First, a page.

Even a couple of days after Rising Pune Supergiant stormed into the Indian Premier League 2017 final, sports columns across India continued on Thursday (May 18) to dissect their success this season. Even as the franchise made headlines, it was Washington Sundar, the offspinner who hogged most of the limelight, thanks to his maturity and clarity of thought.

Elsewhere, no end was in sight to the pay dispute between Cricket Australia and its players, while an assessment of the neutral venues experiment in Ranji Trophy is expected, and a few former players weighed in on their Champions Trophy favourites.

This will be remembered as Supergiant Season (The Hindu)
When such a scenario loomed in the UEFA Champions League in 2006, an exception was made and the previous year’s winner Liverpool was included in the draw despite not making the Premier League’s top four.
Closer home, after its fairytale journey to the I-League title, Aizawl FC would not be part of the Cup division should the AIFF decide to go ahead after all with its idea of an integrated league for next year.

Wonderkid Washington Sundar hitting the right notes (The Indian Express)
There is an indiscernible scar on Washington Sundar’s temple, just above the right eye, that his father M Sundar figuratively opens and reopens. The story behind the scar, he recounts, is that a day before an inter-school final, Washington got struck on his head. But the next day, against the doctor’s advice and father’s concern, with four zig-zagging stitches on the deep cut, Washington struck a match-winning unbeaten 39. Sundar felt an intangible flutter in his head. To him, it was the first sign of his son’s innate drive for the game.

How Washington Sundar was subconsciously turned into a frontline offspinner (The Times of India)
The word about his off-spinning talent didn’t need to be advocated much. His evolution only seems organic. Hrishikesh Kanitkar, Tamil Nadu coach, would still like to call him an all-rounder but couldn’t hide the fact that his team banked on his off-spinners to win the Vijay Hazare trophy. “Both the Pune team and the Tamil Nadu team have a strong batting lineup. That’s why he is batting lower down but that doesn’t affect him. He doesn’t mind spending more time on his bowling. When I took charge, Lakshmipathy Balaji told me about his talent and that was it,” Kanitkar told TOI.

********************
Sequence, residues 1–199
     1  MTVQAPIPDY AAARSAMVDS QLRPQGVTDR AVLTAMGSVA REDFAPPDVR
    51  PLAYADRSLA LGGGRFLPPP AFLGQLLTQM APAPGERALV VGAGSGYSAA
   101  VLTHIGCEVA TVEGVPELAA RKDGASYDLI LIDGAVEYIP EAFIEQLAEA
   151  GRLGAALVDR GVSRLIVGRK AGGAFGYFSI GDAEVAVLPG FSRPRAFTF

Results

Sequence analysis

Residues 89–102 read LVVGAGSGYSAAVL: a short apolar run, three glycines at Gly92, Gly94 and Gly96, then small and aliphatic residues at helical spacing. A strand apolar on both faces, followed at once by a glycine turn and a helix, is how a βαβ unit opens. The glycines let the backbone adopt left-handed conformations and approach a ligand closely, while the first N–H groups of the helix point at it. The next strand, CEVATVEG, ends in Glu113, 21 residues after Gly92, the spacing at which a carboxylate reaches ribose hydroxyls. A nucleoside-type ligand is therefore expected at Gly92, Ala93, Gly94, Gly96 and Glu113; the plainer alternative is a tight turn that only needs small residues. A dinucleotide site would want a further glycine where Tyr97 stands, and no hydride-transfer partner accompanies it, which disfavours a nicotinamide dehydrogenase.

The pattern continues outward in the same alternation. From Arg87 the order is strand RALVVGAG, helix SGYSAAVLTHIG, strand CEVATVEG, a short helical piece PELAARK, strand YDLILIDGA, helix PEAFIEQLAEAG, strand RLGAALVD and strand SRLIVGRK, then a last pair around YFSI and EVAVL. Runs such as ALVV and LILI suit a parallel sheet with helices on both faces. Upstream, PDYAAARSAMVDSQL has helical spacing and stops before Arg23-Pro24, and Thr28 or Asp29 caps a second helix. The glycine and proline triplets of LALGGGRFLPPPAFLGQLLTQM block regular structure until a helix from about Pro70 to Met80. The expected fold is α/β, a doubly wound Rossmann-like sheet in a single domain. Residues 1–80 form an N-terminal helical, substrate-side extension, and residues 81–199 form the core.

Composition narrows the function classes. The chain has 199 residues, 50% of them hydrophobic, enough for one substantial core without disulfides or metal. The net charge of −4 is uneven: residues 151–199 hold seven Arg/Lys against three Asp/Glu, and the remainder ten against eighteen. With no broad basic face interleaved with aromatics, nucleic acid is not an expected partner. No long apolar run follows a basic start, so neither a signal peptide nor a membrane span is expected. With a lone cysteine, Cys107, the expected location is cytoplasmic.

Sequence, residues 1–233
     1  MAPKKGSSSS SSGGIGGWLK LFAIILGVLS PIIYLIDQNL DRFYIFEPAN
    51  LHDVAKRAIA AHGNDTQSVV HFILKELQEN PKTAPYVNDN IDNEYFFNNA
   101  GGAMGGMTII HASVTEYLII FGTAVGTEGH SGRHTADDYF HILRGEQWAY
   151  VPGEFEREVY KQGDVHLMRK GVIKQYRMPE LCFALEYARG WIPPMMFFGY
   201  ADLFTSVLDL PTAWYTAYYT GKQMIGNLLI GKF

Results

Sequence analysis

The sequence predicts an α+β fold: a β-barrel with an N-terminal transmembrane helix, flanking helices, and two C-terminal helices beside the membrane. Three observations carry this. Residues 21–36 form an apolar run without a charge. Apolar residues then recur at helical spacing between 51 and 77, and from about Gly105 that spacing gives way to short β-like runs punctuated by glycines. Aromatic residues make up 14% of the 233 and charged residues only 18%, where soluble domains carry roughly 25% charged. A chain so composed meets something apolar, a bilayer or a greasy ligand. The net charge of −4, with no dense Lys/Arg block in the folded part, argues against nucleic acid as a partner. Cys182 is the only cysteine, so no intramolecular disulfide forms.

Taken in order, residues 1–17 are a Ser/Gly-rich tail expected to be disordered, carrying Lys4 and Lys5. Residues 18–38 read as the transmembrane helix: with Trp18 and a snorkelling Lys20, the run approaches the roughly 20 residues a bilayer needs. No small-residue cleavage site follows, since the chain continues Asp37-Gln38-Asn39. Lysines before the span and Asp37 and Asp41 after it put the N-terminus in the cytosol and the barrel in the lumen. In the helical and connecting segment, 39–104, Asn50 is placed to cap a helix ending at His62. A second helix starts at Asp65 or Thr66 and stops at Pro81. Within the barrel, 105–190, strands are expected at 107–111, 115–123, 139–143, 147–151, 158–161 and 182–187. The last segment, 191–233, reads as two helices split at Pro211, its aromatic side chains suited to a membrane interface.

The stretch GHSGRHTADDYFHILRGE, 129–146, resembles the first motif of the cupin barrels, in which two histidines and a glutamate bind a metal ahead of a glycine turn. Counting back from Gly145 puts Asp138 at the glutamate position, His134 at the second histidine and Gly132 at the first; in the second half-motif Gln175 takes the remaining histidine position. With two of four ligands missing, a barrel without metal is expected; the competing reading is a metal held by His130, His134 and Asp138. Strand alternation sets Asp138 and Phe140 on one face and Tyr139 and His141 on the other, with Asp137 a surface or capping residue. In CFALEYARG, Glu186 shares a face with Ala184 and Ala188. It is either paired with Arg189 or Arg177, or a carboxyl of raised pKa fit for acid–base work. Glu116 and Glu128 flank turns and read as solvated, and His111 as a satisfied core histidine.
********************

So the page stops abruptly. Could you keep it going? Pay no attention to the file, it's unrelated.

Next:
The intrigue in the name of indigenous Washington (The Hindu)
“I was poor and he would buy uniform for me, pay my school fee, get me books, take me to the ground in his cycle and constantly encourage me,” said Sundar. And when Sundar subsequently turned out in the TNCA first division league for clubs such as Bunts, Sridhar CC and Alwarpet, Washington was always around guiding and cheering him.
Sundar said, “To me he was everything. He was the happiest man when I made it to the Ranji probables.”

At captain-coach conclave, a rethink on neutral venues (The Indian Express)
It’s learnt that the BCCI feels that it’s time for a rethink and are even considering a return to the traditional home-and-away format — where teams will play half their matches on the road. The proposal had been floated in the first place last year as a way of improving the quality of pitches used for the Ranji Trophy and also eradicating the practice of creating dubious pitches to suit the home team.

Cricket Australia, players agree to disagree (Sydney Morning Herald)
The two bodies have been at or near loggerheads for more than six months. CA is determined to scrap revenue-sharing after 20 years, saying more funds are needed for the game’s grassroots, and that its offer provides handsomely for players. The ACA is equally resolved to keep revenue-sharing, saying the system is not broken and does not need fixing.

Why the players must continue the fight against Cricket Australia (The Australian)
It seems, however, that what sticks in CA’s craw is the inconvenience of considering any view but its own. How dare the players express opinions? How dare they do anything but obey? This is the voice of authoritarianism and it has no place in a modern game.
It’s not too late to turn this back. For once, in a way, the money part is the less difficult. If the apportionment of expenses is complex, the revenue is ample and growing — at least it is, both parties might note, in an environment of industrial accord.

Indian cricket team’s pace attack the best in the world: Chaminda Vaas (Hindustan Times)
Vaas reserved special praise for Bumrah, who is being groomed by Sri Lanka pace ace Lasith Malinga at Mumbai Indians. “I am sure whatever Malinga or Shane Bond (MI bowling coach) will tell him (Bumrah), he will implement. The best part is that he is giving his 100% which is important. He is improving day-by-day which is crucial for a fast bowler. He is doing well with the advice he is getting. He is doing a wonderful job at the moment,” Vaas said.

Kapil Dev says England has a ruthless approach (The Hindu)
If I look at the Indian team on paper, it looks fantastic, but it would be very unfair… my heart says yes (they can do it again) and my cricketing brain says no. It looks like India has more chances, but again in one-day cricket you don’t need big names, but big commitment that very day.

Who will open with Martin Guptill for the Black Caps? (New Zealand Herald)
Opt for Tom Latham, and the team might get regular runs at a steady strike rate; choose Luke Ronchi and a game could be wrested away from the opposition, at high risk, in a matter of overs. The opening wins of the current tri-series against Ireland and Bangladesh provided evidence of the pair’s strengths.